The application was immediately flagged by surveillance and digital privacy experts as an intrusive software and warned that anyone who did download the application should consider their devices to be compromised.
But the bigger question that triggers more concerns is: given its total control over such infrastructure, is Egypt capable of casting a net and infiltrating any and all devices connected to the network across COP27 and the city of Sharm el-Sheikh?
There is no easy answer. For the entire country of 100 million, the theoretical possibility has been limited by serious financial and logistical restraints. However, in the case of a smaller target population, such as the few thousand COP27 attendees confined to a limited geographic area, the likelihood of mass surveillance becomes much higher.
Attendees are already connected to an infrastructure under the full control of a paranoid regime known for its deployment of highly sophisticated security and military technologies to target civilian masses. In fact, given the past decade of crimes and violations committed by Egypt’s regime, this should be expected.
A few days before COP27 began, President Sisi made a lengthy phone call to one of Egypt’s most-watched live talk shows, during which he referred directly to his time as chief of military intelligence, saying “I know what everyone does”.
The physical and virtual safety of those who engage with COP27 is a concern that will not cease anytime soon, but will continue long after the conference is over.
For Egypt’s regime, this conference provided an opportunity to update its database of civil society targets. The thousands who physically arrived in Egypt were fully screened at its airports and were subject to an unknown extent of surveillance during their stay in Sharm el-Sheikh.
Egypt’s relentless targeting of activists and members of non-governmental organisations around the world isn’t at all subtle. Last week, prominent Italian activist and campaigner Giorgio Caracciolo was denied entry to Egypt and expelled despite arriving on a valid visa and accreditation to attend COP27.
Those who remain in Egypt after COP27, especially the Egyptian activists and members of civil society, are facing another level of nightmarish risk and are bracing for a hostile wave of crackdowns once the conference comes to an end and the international spotlight on Egypt dims. Egypt already has more than 60,000 political prisoners.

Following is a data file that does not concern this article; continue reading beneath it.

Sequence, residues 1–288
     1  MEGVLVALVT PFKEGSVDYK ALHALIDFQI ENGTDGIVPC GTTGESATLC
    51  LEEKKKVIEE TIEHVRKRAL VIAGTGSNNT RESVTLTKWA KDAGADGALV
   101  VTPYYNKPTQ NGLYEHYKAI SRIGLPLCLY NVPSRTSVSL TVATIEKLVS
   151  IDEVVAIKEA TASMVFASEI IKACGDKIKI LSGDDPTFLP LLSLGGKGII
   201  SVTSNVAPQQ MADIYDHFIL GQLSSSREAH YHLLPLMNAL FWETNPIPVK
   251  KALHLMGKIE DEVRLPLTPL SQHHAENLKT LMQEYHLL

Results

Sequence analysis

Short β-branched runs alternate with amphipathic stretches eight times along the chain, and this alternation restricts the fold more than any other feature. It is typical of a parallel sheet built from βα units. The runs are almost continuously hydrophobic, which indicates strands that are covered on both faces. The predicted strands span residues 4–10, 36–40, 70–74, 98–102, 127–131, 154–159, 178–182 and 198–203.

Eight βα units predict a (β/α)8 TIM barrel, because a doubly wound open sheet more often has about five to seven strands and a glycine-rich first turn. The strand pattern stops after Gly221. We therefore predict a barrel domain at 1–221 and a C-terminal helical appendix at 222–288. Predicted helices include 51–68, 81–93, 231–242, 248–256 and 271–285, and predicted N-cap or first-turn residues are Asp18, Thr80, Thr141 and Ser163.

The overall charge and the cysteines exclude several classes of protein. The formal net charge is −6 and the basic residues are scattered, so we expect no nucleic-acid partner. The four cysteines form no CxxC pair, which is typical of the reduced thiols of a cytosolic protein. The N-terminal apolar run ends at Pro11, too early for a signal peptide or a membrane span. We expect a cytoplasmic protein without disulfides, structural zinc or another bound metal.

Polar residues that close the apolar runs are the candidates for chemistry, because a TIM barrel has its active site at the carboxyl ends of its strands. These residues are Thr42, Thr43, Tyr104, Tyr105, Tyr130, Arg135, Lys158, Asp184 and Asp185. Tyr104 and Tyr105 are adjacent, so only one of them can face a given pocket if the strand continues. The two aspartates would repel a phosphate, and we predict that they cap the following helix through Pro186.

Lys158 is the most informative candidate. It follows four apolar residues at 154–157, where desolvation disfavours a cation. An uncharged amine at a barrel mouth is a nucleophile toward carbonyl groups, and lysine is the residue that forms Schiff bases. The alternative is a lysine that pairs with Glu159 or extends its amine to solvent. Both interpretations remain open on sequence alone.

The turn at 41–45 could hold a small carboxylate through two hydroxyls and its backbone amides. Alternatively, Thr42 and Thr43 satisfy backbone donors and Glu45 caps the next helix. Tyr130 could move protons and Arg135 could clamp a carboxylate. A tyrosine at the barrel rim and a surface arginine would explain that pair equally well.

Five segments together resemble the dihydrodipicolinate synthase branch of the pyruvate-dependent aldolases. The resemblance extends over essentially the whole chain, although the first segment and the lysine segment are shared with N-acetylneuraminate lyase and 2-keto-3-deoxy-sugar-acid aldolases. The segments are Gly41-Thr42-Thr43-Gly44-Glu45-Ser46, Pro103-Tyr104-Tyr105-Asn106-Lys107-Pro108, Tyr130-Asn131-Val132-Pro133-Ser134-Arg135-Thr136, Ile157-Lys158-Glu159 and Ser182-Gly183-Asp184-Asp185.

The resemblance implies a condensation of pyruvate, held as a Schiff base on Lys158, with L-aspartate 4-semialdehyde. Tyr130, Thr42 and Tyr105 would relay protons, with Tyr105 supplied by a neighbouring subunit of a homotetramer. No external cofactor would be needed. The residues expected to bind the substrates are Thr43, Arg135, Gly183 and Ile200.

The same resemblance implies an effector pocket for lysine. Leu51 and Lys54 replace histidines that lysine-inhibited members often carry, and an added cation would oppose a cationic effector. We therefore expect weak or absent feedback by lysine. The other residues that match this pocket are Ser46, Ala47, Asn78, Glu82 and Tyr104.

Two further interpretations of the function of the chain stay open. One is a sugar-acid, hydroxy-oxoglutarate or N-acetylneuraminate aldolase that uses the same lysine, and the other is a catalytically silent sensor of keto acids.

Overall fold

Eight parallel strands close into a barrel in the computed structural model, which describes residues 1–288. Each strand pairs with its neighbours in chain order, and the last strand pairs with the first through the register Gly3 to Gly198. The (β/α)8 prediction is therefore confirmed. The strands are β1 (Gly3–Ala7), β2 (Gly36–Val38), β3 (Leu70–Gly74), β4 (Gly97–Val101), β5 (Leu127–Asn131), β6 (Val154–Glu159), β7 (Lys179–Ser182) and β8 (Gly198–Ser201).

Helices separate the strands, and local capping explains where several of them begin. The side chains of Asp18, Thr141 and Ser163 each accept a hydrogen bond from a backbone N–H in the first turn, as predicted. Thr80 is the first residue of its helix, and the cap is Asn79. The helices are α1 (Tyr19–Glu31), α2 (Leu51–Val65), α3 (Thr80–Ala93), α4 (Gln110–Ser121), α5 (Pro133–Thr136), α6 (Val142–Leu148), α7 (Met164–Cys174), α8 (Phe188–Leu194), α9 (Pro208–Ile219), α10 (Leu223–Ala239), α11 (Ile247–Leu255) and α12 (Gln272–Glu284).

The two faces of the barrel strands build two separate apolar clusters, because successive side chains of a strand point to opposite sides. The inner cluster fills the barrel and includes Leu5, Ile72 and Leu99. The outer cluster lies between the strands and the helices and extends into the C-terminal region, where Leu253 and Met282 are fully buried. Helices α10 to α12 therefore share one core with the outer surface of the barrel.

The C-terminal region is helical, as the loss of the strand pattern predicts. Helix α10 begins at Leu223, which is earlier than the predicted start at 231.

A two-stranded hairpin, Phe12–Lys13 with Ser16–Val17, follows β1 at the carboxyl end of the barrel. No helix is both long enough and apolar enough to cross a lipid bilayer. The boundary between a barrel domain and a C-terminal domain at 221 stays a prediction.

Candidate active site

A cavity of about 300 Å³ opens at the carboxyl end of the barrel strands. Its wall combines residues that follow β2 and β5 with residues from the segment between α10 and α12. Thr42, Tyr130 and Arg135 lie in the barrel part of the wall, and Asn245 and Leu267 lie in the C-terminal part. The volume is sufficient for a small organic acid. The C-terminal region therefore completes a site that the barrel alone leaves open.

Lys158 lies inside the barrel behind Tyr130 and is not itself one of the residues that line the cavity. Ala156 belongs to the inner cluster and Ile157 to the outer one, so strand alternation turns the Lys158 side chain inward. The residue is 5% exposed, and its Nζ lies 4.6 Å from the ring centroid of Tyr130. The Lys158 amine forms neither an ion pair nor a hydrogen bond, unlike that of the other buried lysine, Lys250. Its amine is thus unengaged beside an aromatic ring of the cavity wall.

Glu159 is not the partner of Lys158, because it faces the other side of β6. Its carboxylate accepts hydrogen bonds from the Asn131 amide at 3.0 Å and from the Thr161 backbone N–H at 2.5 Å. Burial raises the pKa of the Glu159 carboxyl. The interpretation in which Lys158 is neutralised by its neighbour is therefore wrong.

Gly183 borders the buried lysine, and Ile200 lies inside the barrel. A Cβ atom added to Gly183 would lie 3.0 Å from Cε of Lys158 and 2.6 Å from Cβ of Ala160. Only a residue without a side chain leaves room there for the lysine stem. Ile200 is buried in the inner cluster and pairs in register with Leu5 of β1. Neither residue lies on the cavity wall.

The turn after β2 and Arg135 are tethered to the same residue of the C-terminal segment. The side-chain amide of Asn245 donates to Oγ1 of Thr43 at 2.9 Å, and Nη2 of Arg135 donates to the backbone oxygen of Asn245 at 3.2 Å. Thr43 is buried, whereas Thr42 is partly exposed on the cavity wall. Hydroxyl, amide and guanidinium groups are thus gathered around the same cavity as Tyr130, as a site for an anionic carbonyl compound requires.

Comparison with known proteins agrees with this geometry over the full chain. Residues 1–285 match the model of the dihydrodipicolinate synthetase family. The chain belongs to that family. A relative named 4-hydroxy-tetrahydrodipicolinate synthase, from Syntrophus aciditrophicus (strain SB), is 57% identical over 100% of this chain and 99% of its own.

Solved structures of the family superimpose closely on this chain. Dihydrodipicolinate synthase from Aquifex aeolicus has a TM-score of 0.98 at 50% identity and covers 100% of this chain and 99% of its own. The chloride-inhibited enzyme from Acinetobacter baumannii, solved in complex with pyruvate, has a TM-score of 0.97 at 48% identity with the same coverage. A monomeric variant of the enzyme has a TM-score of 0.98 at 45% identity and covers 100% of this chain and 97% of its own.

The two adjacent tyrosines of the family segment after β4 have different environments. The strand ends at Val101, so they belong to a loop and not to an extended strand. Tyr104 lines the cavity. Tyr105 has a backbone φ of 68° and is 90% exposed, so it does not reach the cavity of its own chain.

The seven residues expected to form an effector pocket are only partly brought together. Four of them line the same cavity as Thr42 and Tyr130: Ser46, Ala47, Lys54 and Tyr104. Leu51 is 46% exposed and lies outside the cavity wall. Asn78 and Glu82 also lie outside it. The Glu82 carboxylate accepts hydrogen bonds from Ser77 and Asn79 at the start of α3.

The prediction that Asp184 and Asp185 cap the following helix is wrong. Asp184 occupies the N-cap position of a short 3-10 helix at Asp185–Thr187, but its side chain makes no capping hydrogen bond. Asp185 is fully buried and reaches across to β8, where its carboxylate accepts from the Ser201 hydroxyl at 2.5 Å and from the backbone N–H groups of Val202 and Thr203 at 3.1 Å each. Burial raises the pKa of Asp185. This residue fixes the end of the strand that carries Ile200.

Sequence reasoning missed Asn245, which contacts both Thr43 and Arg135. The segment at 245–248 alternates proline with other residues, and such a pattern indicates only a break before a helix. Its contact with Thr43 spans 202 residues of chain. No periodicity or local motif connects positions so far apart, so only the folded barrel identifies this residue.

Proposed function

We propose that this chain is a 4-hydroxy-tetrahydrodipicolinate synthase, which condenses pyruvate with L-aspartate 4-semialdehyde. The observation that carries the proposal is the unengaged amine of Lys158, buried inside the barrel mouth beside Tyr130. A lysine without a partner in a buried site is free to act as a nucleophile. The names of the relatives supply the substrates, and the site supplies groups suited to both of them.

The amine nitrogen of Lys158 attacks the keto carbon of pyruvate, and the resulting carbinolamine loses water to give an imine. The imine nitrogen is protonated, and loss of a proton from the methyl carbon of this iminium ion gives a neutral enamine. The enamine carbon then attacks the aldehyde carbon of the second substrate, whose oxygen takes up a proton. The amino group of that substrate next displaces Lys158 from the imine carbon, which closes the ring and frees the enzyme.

Signals of the regime’s preparations for this crackdown have already begun appearing regardless of the scandals it creates. Seif, who was formerly imprisoned in Egypt, is becoming a clear target of the regime and its loyalists.
Her decision to attend COP27 to advocate for her brother Alaa Abdel Fattah, and the amount of media attention she garnered, has put her and her family in the crosshairs of the state-controlled media and press, court cases filed by regime loyalists, and droves of online accounts that operate in sync to smear regime opponents.
Even those who are in exile weren’t spared. Egyptian scholar and researcher Saif Alislam Eid wrote on his social media accounts that a police force raided his family home, terrorising his mother and destroying the house contents.
The UN Climate Conference in Sharm el-Sheikh will wrap up tomorrow, and those who remain in Egypt, such as Hossam Bahgat, head of the Egyptian Initiative for Personal Rights, who appeared alongside Seif during the conference sessions and who has been under a travel ban for over seven years, and many others, will be confronting yet another phase of rabid oppression.
COP27 presented a tremendous opportunity for Egypt’s true voice to be heard, but for many, there is a heavy price to be paid.
Mohannad Sabry is an Egyptian journalist and author who lived in Cairo until 2015. He currently lives in London where he pursues research on Egyptian political, security, and military affairs, and studies at King’s College London’s Defence Studies Department. He is the author of Sinai: Egypt’s Linchpin, Gaza’s Lifeline, and Israel’s Nightmare (2015), which was banned in Egypt soon after publication.
Follow him on Twitter: @mmsabry